Littauer Building - Fainsod Room, 324

Speaker: Ambassador Linton Brooks

Russian violation of the INF Treaty means that it will be politically impossible to replace New START when it expires and even an extension may be difficult.  As a result, by 2026 at the latest and perhaps as soon as 2021, there will be—for the first time in half a century—no formal agreement regulating nuclear relations between Russia and the United States.  This presentation will discuss the resulting consequences for strategic stability and how they might be mitigated.  It will conclude that serious examination, both internally and bilaterally, should begin soon.  

event

Seminar - Open to the Public

Inheriting the Bomb: Soviet Collapse and Nuclear Disarmament of Ukraine, Belarus, and Kazakhstan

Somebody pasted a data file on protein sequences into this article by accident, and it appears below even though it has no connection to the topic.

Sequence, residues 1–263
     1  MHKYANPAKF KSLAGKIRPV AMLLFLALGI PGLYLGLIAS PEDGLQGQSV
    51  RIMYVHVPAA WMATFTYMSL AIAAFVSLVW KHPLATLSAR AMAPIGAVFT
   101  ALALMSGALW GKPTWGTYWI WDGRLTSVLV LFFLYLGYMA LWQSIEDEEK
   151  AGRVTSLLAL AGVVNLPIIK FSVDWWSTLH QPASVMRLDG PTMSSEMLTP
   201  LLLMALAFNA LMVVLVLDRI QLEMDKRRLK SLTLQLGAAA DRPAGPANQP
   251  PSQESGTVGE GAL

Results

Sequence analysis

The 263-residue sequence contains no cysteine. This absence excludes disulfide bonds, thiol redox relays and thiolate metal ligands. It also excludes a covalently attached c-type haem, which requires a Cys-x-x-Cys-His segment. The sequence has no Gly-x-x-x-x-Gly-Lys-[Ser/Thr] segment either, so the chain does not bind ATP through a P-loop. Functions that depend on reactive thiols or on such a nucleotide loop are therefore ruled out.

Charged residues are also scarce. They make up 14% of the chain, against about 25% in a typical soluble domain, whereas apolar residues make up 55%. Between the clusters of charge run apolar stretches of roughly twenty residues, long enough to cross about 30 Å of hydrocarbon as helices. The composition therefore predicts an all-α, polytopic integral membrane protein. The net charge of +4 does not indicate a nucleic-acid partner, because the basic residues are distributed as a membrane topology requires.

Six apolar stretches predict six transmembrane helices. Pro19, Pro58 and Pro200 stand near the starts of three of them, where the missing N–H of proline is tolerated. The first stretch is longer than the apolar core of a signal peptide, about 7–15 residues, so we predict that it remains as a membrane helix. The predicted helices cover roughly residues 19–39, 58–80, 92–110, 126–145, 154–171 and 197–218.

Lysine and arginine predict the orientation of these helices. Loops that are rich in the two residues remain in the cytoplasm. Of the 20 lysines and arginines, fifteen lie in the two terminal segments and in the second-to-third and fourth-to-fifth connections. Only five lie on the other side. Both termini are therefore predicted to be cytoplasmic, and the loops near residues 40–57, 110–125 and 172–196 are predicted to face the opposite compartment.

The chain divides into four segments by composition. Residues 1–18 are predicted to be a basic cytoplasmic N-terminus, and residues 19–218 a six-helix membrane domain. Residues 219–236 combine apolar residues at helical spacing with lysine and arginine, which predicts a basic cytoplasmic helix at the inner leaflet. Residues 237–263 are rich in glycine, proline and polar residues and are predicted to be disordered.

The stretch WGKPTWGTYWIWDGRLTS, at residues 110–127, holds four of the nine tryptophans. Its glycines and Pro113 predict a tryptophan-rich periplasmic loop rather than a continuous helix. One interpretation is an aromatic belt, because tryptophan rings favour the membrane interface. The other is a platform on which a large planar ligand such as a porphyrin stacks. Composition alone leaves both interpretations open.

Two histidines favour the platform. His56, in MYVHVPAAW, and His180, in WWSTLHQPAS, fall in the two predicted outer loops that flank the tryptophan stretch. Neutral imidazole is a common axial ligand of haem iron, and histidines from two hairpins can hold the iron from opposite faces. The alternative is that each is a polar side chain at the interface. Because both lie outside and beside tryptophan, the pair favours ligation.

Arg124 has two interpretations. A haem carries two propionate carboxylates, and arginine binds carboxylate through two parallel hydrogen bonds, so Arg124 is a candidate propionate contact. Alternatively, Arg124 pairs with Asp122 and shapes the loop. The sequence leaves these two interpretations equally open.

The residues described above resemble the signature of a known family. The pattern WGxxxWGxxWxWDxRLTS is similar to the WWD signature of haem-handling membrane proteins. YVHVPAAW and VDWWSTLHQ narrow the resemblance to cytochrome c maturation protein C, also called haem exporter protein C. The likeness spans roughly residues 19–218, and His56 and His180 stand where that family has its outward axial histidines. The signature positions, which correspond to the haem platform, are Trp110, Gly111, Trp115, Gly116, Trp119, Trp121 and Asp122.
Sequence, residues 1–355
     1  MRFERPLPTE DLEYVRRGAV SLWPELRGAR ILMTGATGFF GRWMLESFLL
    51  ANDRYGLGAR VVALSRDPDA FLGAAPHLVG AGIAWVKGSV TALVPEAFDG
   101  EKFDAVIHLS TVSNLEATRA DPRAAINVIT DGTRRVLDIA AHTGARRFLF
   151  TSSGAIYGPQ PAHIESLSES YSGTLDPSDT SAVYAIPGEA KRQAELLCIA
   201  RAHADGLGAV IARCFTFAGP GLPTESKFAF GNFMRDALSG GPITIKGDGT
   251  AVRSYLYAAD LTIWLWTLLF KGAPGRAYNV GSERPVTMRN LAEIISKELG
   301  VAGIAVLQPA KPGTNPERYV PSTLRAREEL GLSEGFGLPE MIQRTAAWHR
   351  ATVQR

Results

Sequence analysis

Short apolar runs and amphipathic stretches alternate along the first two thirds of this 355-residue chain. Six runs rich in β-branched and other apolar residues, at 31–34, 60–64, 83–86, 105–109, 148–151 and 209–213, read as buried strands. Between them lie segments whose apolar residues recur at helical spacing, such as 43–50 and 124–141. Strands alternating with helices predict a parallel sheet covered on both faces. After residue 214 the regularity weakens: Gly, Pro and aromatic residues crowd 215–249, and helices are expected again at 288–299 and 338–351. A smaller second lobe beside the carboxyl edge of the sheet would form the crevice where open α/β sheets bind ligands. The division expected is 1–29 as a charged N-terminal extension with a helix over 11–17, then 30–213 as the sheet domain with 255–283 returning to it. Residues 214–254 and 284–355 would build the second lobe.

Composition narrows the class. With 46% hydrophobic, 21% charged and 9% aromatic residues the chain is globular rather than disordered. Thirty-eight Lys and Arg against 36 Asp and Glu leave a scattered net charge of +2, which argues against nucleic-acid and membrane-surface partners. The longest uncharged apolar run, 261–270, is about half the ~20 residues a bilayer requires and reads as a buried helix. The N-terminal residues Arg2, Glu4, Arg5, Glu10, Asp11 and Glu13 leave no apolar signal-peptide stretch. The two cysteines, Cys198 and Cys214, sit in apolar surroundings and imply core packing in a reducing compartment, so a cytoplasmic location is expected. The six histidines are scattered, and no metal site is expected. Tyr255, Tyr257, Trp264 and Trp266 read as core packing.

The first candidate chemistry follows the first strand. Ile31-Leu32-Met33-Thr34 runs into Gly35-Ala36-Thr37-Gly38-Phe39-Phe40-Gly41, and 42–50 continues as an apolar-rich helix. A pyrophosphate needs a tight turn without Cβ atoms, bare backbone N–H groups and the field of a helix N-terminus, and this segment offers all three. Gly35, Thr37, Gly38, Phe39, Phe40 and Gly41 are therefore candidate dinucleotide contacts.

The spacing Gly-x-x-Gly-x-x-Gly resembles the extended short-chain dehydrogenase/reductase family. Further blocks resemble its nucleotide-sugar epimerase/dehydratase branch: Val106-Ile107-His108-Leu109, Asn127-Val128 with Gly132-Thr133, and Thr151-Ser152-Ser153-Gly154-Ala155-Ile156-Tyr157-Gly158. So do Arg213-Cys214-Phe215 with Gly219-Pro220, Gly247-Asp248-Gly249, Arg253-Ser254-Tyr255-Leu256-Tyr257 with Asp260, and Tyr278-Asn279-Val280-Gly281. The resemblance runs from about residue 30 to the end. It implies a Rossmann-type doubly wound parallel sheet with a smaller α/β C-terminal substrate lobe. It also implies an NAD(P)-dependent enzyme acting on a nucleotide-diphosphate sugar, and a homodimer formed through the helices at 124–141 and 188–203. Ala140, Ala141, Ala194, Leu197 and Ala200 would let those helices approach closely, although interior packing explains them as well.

Wed., Mar. 8, 2017 | 10:00am - 11:30am

Littauer Building - Fainsod Room, 324

The disintegration of the Soviet Union in 1991 left the world's largest nuclear arsenal of some 29,000 nuclear weapons, under the sovereign power of four new states: the Russian Federation, Belarus, Ukraine, and Kazakhstan. While Russia succeeded the Soviet Union as a recognized nuclear power, the status of nuclear weapons in the three non-Russian states was more ambiguous. Whose weapons were they, what claims could these new states convincingly and legitimately make in relation to the nuclear weapons on their territory, and who would carry out Soviet Union’s arms control obligations under START I and NPT? The presentation explores how the deliberations and decisions made during and immediately after the Soviet collapse framed much of the ensuring negotiations over the fate of Soviet nuclear legacy, leading, in the end, to the denuclearization of Ukraine, Belarus, and Kazakhstan. 

Missile silo of a SS-24 missile, Strategic Missile Forces Museum in Ukraine. 8 March 2008.

Creative Commons